Trend reports

LoadRunner Enterprise trend reports enable you to compare performance test run data over time, thereby giving you better visibility and control of your application's performance.

Overview

A trend report is a feature that allows you to view changes in performance from one performance test to another, or across several performance tests. By analyzing these changes, you can easily identify improvements or regressions in the measurement’s performance.

You can define a trend report, or you can configure automatic trending. Automatic trending makes the process simpler and more efficient by automating the collate, analyze, or publish steps, so that you do not have to wait for each of these steps to finish before continuing with the next one.

For details, see Define a trend report and Configure automatic trending.

Comparison methods to identify trends

By comparing the same measurement in more than one instance of a test run, you can identify whether its performance trend is improving or regressing.

For example, if you were interested in the performance trend of the transaction response time measurement, the trend report clearly displays whether over several instances of a test run, this value has increased or decreased from one run to another - a performance regression or improvement respectively.

There are two methods of comparing measurements contained in a performance test run for the purposes of identifying performance trends: Compare to Baseline and Compare to Previous.

Comparison Method

Description

Compare to Baseline

You select one performance test run in the trend report and define it as the baseline. All measurements in the report are then compared to the measurements contained in the baseline.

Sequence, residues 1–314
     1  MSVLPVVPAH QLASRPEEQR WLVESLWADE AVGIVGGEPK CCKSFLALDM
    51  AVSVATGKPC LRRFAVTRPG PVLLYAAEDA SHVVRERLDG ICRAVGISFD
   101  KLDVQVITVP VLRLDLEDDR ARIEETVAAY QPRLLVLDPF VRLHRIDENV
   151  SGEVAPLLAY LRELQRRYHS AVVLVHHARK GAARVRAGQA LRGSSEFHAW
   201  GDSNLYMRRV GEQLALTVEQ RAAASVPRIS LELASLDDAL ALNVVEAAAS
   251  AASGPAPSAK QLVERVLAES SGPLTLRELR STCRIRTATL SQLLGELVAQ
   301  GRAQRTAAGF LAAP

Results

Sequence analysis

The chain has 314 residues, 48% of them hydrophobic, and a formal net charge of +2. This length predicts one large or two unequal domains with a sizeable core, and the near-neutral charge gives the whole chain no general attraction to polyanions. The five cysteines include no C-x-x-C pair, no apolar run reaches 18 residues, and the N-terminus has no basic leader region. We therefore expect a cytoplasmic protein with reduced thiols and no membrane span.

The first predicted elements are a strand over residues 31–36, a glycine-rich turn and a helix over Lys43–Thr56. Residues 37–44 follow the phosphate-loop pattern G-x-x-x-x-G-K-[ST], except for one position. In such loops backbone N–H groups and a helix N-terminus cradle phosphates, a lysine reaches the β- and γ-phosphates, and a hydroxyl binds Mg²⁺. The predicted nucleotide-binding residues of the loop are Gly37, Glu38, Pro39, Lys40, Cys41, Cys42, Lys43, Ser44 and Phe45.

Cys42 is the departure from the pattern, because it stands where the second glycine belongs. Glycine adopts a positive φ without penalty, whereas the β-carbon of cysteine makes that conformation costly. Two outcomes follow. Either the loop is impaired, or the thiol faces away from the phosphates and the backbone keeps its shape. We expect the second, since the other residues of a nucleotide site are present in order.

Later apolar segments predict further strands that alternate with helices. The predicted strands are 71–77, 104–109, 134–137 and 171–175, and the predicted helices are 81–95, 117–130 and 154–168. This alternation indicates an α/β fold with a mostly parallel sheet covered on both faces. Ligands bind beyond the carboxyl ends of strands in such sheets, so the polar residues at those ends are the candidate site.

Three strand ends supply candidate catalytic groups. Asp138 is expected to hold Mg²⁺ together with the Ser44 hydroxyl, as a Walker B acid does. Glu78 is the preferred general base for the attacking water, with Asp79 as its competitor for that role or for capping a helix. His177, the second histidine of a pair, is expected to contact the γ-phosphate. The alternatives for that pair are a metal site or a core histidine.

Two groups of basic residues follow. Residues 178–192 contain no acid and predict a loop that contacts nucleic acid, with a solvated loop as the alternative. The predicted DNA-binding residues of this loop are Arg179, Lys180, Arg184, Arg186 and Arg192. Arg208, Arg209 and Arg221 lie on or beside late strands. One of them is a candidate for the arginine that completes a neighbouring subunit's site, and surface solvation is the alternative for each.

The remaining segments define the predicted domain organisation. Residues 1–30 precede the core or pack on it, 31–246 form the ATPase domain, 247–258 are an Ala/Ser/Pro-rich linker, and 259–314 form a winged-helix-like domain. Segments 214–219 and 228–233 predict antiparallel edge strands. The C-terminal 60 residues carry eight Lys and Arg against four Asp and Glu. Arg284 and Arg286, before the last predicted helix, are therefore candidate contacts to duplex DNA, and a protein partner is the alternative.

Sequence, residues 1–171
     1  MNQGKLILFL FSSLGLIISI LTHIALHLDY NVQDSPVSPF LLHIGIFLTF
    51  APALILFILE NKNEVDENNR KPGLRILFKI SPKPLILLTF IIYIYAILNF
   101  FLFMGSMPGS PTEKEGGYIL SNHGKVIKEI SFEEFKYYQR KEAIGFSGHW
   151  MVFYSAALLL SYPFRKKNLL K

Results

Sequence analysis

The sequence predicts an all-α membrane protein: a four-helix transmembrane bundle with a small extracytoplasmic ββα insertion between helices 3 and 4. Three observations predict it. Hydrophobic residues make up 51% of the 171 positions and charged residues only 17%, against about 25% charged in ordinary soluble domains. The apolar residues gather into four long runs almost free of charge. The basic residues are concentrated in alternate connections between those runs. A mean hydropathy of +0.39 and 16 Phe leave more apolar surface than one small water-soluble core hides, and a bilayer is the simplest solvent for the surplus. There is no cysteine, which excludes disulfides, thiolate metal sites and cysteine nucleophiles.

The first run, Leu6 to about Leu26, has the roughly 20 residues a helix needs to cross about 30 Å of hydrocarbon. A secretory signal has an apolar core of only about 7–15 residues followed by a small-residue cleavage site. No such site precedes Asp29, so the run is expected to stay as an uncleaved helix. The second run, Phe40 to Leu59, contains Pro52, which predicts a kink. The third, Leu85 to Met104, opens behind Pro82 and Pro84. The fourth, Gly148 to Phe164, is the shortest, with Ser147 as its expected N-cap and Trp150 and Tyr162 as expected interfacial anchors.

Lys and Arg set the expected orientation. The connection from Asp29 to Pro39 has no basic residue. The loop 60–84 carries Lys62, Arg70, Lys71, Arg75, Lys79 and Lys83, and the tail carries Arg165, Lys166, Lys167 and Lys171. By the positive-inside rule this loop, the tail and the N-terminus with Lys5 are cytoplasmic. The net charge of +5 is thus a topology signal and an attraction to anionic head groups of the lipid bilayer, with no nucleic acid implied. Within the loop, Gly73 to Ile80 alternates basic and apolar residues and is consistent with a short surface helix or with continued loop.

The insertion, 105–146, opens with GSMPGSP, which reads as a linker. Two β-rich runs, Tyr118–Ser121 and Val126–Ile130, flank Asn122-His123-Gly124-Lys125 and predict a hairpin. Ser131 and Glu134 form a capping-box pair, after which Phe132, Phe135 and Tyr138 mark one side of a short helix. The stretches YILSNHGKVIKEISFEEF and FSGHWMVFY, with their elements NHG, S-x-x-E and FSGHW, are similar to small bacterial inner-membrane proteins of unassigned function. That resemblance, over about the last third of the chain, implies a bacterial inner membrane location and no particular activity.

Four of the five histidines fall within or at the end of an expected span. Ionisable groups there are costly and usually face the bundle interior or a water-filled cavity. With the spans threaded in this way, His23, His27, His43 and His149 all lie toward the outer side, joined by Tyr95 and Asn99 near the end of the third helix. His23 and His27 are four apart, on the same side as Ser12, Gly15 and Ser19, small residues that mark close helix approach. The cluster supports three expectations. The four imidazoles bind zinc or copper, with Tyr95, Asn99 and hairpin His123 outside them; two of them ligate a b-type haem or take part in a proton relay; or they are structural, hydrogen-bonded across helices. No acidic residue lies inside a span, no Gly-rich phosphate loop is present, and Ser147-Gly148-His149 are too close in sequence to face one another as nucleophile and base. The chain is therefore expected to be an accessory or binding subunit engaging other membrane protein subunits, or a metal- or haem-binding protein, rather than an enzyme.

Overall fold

Compare to Previous

All measurements in a performance test are compared to the measurements in the performance test run that immediately precedes it in the report.

It is important to understand the difference between the two comparison methods. The following example will illustrate how the same data can yield different results depending on the method you select.

As shown in the table below, the average Transaction Response Time measurement is being trended from four performance test runs: 3, 4, 5, and 6.

Transaction Response Time (Compare to baseline)

Name Type Average
run 3 [Base] run 4 run 5 run 6
All TRT 4.567 1.22 (-73.29%) 2.32 (-49.2%) 12.455 (+172.72%)
TRX_01 TRT 2.045 4.073 (+99.17%) 2.035 (-0.49%) 1.05 (-48.66%)
TRX_02 TRT 1.045 2.07 (+98.09%) 1.015 (-2.87%) 1.051 (+0.57%)
TRX_03 TRT 3.053 3.067 (+0.46%) 2.009 (-34.2%) 2.654 (-13.07%)
TRX_04 TRT 6.055 6.868 (+13.43%) 5.011 (-17.24%) 7.05 (+16.43%)

Performance test run (PT) 3 has been defined as the baseline (as indicated by the word Base in parentheses). The average transaction response times contained in the other performance test runs are compared to PT 3 only.

In PT 3, the average transaction response time for TRX_01 was 2.045. The average transaction response time for the same transaction in PT 5 was 2.035, which represents a slightly faster response time and therefore a slight improvement in the performance of this measurement. The percentage difference between the two figures is displayed in brackets, in this case -0.49%.

However, if the Compare to Previous comparison method was selected, then the average transaction response time in PT 5 would be compared not to PT 3, but rather to PT 4 (since 4 precedes it in the table). The value for PT 4 is 4.073 while for PT 5 it's 2.035, a percentage difference of -50.04%.

Transaction Response Time (Compare to previous run)

Name Type Average
run 3 [Base] run 4 run 5 run 6
All TRT 4.567 1.22 (-73.29%) 2.32 (+90.16%) 12.455 (+436.85%)
TRX_01 TRT 2.045 4.073 (+99.17%) 2.035 (-50.04%) 1.05 (-48.4%)